The Memory Hierarchy
- Registers - one cycle, 64-512 bytes
- On-chip cache (L1 or L2) - 2 cycles, 1-32 kb
- Off-chip cache (L2) - 5 cycles, 32-512 kb
- Main (primary) memory - 30 cycles, 1 mb - 8 gb
- Secondary memory - 106 cycles, 100 mb - 1 tb
- Tertiary memory - 100-500 ms, 600 mb and up
- Off-line memory - 1s - 10 m, whatever
- Our principle concern is with primary-secondary memory.
- Merge both ends of the hierarchy: have register-speed storage in
- Also, fit ten pounds of process into five pounds of memory.
- Also hide latency, promete sharing, provide protection.
The Memory Model
- Storage is modeled as a fixed array of elements.
- The array has constant size N.
- The array element is the storage unit.
- The element is not further divisible by the array.
- The element's index is its address.
- The difference between primary and secondary store is the sizes of
N and the storage units.
- For primary store, N is around 512*106 and
sizeof(storage unit) = 1, 4, or 8.
- For disk store, N is around 50*109 and
unit) = 2i for 9 <= i <= 12.
- Initially a process's storage requirements are simple.
- A process occupies a contiguous, constant-size block of storage.
- The storage block does not change size during process execution.
- The OS, as a process, also needs storage.
- OS storage has a fixed size, and a fixed location.
- However, it need not be contiguous.
- OS occupied storage is called system space.
- Hardware and the OS prevent non-OS access to system space.
- Any storage not in system space can be used by non-OS processes.
- Begin simply, with at most
one non-OS process
running at a time.
- There is no storage management; each non-OS proces can use whatever's
not in system space.
- Storage management consists of loading each process into non-system
- Process size can be checked by the compiler, the job scheduler, or by
- The compiler can check the size of the compiled program against the
size of the process space.
- The job scheduler can do the same (necessary if programs are linked
together from several object files).
- The job scheduler can just lay the programs in process space and rely
on hardware protection to throw an interrupt when the program
intrudes on system storage or falls off the end of primary store.
Program Code and Data
- A program is a sequence of instructions and data.
- Each instruction or datum occupies one storage unit, and each storge
unit holds one of either an instrution or a datum.
- An instruction or datum may contain an address of another instruction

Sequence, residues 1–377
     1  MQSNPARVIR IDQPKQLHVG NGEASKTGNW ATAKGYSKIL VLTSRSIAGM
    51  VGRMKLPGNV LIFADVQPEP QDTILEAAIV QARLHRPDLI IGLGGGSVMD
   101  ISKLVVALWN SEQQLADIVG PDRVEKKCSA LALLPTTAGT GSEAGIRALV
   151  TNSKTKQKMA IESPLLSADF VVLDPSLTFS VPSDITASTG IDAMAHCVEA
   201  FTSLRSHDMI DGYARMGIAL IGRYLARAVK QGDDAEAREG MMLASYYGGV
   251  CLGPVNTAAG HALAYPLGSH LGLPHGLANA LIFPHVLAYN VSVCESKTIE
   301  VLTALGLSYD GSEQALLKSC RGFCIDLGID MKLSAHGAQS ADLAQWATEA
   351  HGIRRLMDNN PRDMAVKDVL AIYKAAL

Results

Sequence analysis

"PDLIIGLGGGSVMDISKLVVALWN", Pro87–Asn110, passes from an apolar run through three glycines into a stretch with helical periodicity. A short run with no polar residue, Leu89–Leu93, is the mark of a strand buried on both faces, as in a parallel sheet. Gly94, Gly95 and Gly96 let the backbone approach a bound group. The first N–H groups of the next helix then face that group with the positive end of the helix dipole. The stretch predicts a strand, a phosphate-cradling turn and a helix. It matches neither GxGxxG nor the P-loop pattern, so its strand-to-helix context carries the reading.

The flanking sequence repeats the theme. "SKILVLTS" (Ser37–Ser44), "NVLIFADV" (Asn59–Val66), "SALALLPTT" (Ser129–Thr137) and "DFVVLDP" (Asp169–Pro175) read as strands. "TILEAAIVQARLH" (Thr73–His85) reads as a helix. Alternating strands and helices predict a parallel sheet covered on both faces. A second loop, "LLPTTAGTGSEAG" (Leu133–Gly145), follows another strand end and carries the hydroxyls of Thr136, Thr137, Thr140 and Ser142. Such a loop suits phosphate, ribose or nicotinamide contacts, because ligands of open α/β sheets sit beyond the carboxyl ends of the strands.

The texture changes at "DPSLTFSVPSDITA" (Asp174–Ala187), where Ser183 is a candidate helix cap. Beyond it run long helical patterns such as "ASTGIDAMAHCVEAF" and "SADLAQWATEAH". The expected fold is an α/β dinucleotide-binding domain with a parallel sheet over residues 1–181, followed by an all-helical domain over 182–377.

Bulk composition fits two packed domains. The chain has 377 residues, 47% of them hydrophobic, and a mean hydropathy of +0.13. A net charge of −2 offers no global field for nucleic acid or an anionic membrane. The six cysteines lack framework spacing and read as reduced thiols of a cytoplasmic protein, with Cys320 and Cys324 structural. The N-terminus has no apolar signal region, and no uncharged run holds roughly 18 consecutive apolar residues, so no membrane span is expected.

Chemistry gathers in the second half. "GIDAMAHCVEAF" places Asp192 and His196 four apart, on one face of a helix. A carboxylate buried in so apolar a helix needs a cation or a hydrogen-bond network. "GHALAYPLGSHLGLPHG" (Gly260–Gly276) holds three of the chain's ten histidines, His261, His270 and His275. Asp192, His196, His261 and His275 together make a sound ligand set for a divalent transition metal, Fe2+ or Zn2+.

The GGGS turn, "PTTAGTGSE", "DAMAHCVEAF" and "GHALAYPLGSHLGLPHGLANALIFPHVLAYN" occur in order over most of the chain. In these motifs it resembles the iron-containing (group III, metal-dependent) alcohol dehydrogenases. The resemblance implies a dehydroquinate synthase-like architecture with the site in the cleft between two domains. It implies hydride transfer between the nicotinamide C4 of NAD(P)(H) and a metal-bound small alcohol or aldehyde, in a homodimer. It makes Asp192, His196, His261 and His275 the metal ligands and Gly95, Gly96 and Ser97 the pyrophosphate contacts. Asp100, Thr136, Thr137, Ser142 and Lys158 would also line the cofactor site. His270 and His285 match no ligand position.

- Branch to an instruction, or load the value of some datum into a
register, for example.
- Data may contain pointers to other data.
- primary storage shared among several processes - partitioning
- fixed partitions - possibly of different sizes
- Assigning incoming processes to partitions.
- Queues of waiting processes - single vs. multiple queues
- Finding the best fit between process and partition size - any,
- Compile - link - load.
- Absolute and relative addresses.
- Relocation - adjusting absolute addresses to match assigned addresses.
- Linking - modifying the program.
- Base register - addresses are absolute relative to a base.
- Prevent concurrent processes from accessing each other's storage.
- Key bits - capabilities.
- Base register and limit registers - segments.
- Pack processes more tightly
- Eliminate process size restrictions (up to the size of primary
- Really big idle processes
- Fragmentation - holes of idle storage
- Swapping moves processes between primary and secondary storage.
- Big, idle processes? Move them to disk.
- Fragmentation - compress running processes to one end of primary
- But defragmentation is slow and CPU intensive.
- What is a process's storage requirements?
- Static process growth - real time system, fortran programs
- Dynamic process growth - everything else
- allocate near holes
- Overestimate requirements and manage extra space within the process
- Allocation - return a block of free space of at least k units
- Coalescing - reassemble fragments
- block storage into chunks - allocation unit; bit count
vs. wasted space
- fast and simple for small amounts of storage
- deallocation is easy
- allocation can be difficult - look for a k-unit chunk
- alternating sequences of allocated and free storage
- small allocation units - bytes even
- allocation is easy
- deallocation is a bit less easy - free-space coalescing
- what's the relation between the size of the request and the size
of the allocated block
- first fit - fast
- next fit - fast, larger-grain fragmentation (in theory)
- best fit - slow, prone to fine-grain fragmentation
- worst fit - ha ha ha
- buddy system allocation - allocate one-half a hole
Multiple Free Lists
- process and free space
- by size
- quick fit - allocation very fast, deallocation very slow
This page last modified on 25 November 2004.